A couple of decades back I started to talk to my defensive shooting students about the likelihood of being attacked and needing to use their firearm to defend themselves. It seemed to me that some people, based on their lifestyle and habits, were more likely to need to use lethal force than others.
It also seemed to me that, even when the defensive firearm was actually needed, the mode of employment varied greatly; sometimes the sight of the gun itself was enough to scare the attacker away, while other times the only resolution was the physical incapacitation of the suspect.
Finally, both of those made some shooting techniques (skills) more likely to be used than others, and I came to the conclusion that the expectation of use should be factored into training and practice in some way.
At the time, most defensive shooting instructors taught all skills as being equally important, as equally likely to be needed. We didn’t have good data as to how defensive encounters really happened, and we gave too much weight to first-person accounts of incidents.
Today we know that memories, particularly of traumatic incidents, aren’t recalled so much as they’re reconstructed by our fallible minds. Today we also have a great quantity of surveillance videos where we can actually see what happens, making our analysis much easier.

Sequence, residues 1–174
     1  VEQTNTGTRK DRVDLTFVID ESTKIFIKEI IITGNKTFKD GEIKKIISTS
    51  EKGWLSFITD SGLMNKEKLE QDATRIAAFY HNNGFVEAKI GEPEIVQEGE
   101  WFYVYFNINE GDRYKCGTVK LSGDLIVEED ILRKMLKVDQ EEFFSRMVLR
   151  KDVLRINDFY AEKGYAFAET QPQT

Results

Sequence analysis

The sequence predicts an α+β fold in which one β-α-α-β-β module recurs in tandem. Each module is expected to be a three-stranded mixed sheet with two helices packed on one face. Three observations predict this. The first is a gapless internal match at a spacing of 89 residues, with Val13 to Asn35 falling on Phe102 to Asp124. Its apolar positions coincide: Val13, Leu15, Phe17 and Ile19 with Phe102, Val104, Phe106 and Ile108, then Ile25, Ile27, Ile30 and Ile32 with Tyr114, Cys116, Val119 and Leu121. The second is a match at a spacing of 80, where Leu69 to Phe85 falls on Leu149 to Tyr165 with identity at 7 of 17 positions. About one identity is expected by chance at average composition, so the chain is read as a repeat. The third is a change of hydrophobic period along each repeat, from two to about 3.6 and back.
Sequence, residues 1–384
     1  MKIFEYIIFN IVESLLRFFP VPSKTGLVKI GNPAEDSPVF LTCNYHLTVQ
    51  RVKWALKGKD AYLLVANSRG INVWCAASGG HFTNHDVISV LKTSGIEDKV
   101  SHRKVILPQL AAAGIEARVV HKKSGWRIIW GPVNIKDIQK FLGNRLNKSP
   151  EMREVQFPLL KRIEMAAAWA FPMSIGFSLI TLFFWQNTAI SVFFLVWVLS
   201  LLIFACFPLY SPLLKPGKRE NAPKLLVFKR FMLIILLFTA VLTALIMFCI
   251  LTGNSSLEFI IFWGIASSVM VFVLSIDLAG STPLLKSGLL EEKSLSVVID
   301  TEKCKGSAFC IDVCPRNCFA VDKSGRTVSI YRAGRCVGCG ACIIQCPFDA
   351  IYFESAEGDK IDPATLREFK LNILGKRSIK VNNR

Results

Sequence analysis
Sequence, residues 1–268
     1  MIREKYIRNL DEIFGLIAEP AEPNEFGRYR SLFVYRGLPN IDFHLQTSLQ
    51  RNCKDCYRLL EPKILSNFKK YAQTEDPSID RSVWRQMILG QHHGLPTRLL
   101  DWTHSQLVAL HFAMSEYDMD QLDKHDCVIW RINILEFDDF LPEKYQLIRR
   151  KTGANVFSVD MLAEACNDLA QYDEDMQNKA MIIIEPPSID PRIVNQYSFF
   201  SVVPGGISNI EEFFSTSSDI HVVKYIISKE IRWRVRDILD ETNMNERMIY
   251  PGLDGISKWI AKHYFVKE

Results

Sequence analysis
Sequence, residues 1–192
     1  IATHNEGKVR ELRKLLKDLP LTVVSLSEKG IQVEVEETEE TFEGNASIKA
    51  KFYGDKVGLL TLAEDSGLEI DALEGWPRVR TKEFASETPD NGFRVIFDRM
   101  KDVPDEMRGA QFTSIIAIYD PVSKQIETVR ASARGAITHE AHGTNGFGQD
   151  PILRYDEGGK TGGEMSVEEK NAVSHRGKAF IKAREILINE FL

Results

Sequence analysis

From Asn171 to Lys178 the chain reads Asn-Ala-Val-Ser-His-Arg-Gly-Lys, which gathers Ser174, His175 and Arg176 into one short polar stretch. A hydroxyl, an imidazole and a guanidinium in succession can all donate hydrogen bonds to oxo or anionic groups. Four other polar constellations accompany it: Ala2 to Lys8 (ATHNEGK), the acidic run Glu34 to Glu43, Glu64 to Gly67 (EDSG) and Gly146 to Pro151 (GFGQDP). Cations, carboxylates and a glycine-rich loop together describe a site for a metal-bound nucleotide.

While some still resist the idea, the reality is that some things happen more often, and are more urgent, than others. The modern approach is to train in those things which are more likely, and not waste our valuable training resources on things which aren’t.
But how do we judge likelihood?
Sometimes simpler is better
I’ve wrestled with this idea for a long time. Over the years I’ve used several approaches to explain how to judge which events were more likely (and figure out which skills/tools were more likely to be needed). If you’ve read any of my older books or taken one of my classes you’ve encountered at least one of those explanations.